In 1982 I was living in Hawaii with my grandmother while attending college. I met my great-uncle Bob and his wife Isabel for the first time. My uncle Bob and I bonded immediately. He understood the angst of a 17 year old kid living in a strange place (I had never lived outside my small home town before I left for college). He spent time telling me all about his life and I shared my life with him.

One day, while we were walking outside he started rubbing the side of his face. He seemed to be applying a lot of pressure and looked uncomfortable. I asked him if something was wrong and he told me how his face, just one side, would tingle and go numb for several minutes at a time. I asked him what his doctor said, to which he replied, “I’ve only been able to see one doctor and that was months ago”. His doctor thought it might be some sort of “nerve disorder” but they could not be sure until they ran some tests and those tests were not scheduled until they returned to Canada. It was the earliest he could be seen at the time.

He experienced those episodes several times during his vacation, and insisted his doctor would “take care of it” when he got home. When he and Isabel boarded the plane to return to Canada, it was the last time I would see him in person. We exchanged letters for several months, and I spoke to him on the phone a few times.

The last time I heard from him, he had still not seen a doctor. His “elective” appointment for “facial tingles” was delayed. Time and time again. Then, in December of 1983, he died. He suffered a massive heart attack, was rushed to the hospital, and it was discovered that the “nerve disorder” was simply a symptom of a much more serious heart problem.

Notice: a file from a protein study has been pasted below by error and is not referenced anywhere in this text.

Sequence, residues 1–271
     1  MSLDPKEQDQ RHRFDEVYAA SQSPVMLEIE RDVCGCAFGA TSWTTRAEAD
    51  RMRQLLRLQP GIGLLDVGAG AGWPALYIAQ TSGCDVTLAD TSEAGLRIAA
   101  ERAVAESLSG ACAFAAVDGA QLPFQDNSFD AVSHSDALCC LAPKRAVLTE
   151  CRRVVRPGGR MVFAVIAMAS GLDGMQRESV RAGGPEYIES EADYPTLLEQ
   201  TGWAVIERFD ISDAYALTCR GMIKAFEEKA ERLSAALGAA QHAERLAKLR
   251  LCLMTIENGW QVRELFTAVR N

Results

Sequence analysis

This wasn’t an issue of a misdiagnosis, this wasn’t an issue of poor judgement in the prescription of medication. This was a result of the lack of proper health care. Whatever the reason, whether it was an effort to save money (rationing) or just a coincidence that he died from the very thing he was seeking medical treatment for, we’ll never know, will we? I don’t have statistics from the WHO or any other organization on the number of untreated cases, the quality of care, or the long term prognosis for people like my uncle Bob. He was my uncle, not a statistic.

Many years later, while living back in Las Vegas, my aunt Isabel came to visit. While she was visiting, she felt weak and wanted to go to the hospital. It was quickly determined that she had suffered from a stroke, and received health care at one of Las Vegas’ premiere hospitals. When she was discharged, many weeks later, her American doctor advised her what needed to be done for follow up care, and she went home to Canada.

Aunt Isabel is still living in British Columbia, but her quality of life has not been good for a very long time. Shortly after returning to Canada she suffered another stroke. Over the years she suffered even more “mini strokes”, and just a couple years ago, she suffered another big one. I don’t talk to her, or my cousin, as much as I should, but I know she hasn’t been to see a doctor nearly as much as she should have.

The question is, would she have suffered so many strokes if she lived here in the United States? Who knows. We have no way of knowing that, but there is one thing I do know. She would have seen her doctor a heck of a lot more living here than she has in Canada. Do I have statistics to back this up? Nope. All I have is her personal account of what she’s endured under the Canadian health care system.

Because I know my friend, I know these personal accounts will mean nothing in the overall argument about health care (as far as he’s concerned), so now I will point out a few facts and statistics, from other sources, which may clarify why I figure that our system is better than that in Canada.

According to the National Center For Policy Analysis,

  • Americans have lower cancer mortality rates than Canadians.